by Dennis Dalman
The tax levy for the Sartell city budget for 2014 will increase by 2.3 percent, according to estimates now in the preliminary budget, which was approved by the city council at its Sept. 9 meeting.
The council will consider approving a final budget at a public hearing during the Dec. 9 council meeting. After a preliminary budget is passed, councils can decrease the amount approved, but they cannot increase it, based on state law.
City administrator/financial director Mary Degiovanni said it’s impossible to know at this point what tax increases or – possibly – tax decreases will be. That cannot be known until the city receives its tax-capacity rates from the state. But Degiovanni estimated there should be little or no impact on most taxpayers.
The 2014 budget will be $5.8 million, and of that amount $4.86 million will have to be raised through taxes.
The levy increase, Degiovanni said, is 1 percent higher than the 2012 levy and 2 percent higher than the 2013 levy. The 2013 levy, she noted, was lower than the 2012 levy.
Degiovanni noted the Sartell City Council and the city’s departments have done an excellent job of maintaining and even decreasing budget items during the recession of the last four or five years. The reason for increases, she noted, is to cover expenses for much-needed street projects and for the capital budget, which tucks money away each year for future expenses, such as the purchase of broken or outmoded equipment.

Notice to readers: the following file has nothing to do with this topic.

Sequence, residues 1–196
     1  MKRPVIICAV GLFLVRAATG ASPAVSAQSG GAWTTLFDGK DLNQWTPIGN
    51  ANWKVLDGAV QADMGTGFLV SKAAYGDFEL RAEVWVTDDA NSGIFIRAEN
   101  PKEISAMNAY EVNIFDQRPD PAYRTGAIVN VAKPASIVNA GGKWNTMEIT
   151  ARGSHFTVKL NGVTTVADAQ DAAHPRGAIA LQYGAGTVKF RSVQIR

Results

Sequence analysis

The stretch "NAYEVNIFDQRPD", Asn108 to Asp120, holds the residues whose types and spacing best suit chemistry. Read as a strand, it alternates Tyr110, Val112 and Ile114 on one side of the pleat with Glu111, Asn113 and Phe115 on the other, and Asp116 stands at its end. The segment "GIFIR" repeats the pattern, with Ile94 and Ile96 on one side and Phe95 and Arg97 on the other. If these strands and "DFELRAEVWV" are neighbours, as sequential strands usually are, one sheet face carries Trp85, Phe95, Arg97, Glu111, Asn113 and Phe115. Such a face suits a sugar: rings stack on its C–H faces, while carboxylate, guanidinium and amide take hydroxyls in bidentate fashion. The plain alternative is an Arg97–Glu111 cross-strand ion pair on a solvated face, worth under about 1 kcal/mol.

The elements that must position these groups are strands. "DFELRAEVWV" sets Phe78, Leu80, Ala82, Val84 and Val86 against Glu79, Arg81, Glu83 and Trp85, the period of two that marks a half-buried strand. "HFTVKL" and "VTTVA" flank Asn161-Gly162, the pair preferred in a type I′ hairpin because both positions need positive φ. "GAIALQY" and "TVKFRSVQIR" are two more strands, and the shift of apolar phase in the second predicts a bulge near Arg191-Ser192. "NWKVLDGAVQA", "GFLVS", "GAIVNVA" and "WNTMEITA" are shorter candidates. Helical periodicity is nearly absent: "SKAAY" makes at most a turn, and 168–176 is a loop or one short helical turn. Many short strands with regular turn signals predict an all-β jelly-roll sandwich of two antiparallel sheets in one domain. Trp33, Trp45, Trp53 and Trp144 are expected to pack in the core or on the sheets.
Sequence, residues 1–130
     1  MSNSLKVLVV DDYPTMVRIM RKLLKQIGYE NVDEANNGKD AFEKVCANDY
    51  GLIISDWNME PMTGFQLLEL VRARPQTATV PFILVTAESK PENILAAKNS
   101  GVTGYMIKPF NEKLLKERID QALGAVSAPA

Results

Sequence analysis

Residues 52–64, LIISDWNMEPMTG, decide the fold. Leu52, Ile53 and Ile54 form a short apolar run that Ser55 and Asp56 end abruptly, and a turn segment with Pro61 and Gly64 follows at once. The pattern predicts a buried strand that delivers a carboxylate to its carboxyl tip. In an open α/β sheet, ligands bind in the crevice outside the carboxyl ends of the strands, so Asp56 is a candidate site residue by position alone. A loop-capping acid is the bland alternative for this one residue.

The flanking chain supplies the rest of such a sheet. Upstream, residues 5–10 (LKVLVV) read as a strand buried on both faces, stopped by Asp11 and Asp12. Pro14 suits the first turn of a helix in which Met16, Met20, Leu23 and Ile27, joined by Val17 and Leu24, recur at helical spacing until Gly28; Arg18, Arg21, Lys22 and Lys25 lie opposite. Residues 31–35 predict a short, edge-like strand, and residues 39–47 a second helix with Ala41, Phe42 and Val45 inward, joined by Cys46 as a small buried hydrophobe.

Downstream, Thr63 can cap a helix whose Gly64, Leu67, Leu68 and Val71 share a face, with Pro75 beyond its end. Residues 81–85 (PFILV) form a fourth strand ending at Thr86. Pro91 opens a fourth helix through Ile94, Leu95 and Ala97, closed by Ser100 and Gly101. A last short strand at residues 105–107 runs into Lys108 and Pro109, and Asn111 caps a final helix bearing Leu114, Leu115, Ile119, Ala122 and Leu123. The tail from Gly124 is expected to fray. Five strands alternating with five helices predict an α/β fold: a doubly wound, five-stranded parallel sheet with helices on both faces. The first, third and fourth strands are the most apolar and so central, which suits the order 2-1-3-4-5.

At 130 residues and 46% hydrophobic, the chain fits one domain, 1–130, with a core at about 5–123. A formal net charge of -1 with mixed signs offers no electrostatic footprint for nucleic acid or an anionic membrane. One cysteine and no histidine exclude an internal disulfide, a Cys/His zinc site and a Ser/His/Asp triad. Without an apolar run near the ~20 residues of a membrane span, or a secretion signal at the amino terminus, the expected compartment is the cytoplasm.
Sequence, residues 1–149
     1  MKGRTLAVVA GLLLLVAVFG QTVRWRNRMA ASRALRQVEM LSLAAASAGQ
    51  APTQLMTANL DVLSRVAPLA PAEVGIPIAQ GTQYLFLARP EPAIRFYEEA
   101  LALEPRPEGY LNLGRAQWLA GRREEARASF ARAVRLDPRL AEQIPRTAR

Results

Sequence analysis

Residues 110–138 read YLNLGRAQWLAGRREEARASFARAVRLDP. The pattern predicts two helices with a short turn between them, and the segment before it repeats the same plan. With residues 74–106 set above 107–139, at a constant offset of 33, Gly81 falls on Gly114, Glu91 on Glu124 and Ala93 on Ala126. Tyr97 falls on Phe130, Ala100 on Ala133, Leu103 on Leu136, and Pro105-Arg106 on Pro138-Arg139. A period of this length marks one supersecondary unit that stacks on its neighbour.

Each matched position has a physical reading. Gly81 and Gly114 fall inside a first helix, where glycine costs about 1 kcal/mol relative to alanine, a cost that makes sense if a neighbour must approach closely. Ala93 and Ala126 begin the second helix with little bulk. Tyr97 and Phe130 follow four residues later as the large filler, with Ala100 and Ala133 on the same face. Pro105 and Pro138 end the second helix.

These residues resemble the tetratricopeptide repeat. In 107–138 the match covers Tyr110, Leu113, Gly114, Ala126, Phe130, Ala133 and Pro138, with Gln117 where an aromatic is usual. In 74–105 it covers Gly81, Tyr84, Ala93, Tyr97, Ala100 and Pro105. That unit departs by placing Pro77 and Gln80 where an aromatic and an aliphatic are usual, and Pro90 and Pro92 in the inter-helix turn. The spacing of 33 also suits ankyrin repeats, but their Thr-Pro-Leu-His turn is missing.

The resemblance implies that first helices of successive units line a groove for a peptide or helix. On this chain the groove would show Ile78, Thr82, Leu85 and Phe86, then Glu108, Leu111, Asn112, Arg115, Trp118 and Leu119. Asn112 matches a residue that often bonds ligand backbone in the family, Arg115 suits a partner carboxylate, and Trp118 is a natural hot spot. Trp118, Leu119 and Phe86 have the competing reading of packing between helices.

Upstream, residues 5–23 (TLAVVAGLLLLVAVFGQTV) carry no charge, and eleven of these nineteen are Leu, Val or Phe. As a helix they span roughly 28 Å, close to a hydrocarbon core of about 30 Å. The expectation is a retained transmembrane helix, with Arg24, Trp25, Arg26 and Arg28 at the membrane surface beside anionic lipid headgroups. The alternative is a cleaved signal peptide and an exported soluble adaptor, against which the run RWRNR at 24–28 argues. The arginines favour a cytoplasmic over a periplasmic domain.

Even the purchase of salt and sand for roads can raise a budget. Last year, because of an extreme winter, the public-works department spent an extra $60,000 for salt and sand. Normally, the department can hold excess salt and sand for the following year, but all of it was used up last winter, leaving no surplus for storage, Degiovanni noted.
There will be less tax revenue from the Verso paper mill because of its ceasing production and damaged facility, Degiovanni noted. She added, however, the diversity of business and industry in the city should offset that loss.
Local-government aid from the state is also a nice plus, she noted, adding next year Sartell will receive $110,000 in LGA after several years of receiving virtually nothing from the state.
More details of the city budget, including its impact on taxes, will be published once the tax-capacity rates are released by the state.